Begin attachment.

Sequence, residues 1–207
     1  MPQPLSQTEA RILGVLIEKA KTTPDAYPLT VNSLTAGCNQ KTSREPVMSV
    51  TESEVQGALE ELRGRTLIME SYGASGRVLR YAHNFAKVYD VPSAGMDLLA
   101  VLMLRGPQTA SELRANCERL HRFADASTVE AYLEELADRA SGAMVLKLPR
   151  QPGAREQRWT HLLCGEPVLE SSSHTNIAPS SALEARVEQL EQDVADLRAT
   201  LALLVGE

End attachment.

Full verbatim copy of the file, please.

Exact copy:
Sequence, residues 1–207
     1  MPQPLSQTEA RILGVLIEKA KTTPDAYPLT VNSLTAGCNQ KTSREPVMSV
    51  TESEVQGALE ELRGRTLIME SYGASGRVLR YAHNFAKVYD VPSAGMDLLA
   101  VLMLRGPQTA SELRANCERL HRFADASTVE AYLEELADRA SGAMVLKLPR
   151  QPGAREQRWT HLLCGEPVLE SSSHTNIAPS SALEARVEQL EQDVADLRAT
   201  LALLVGE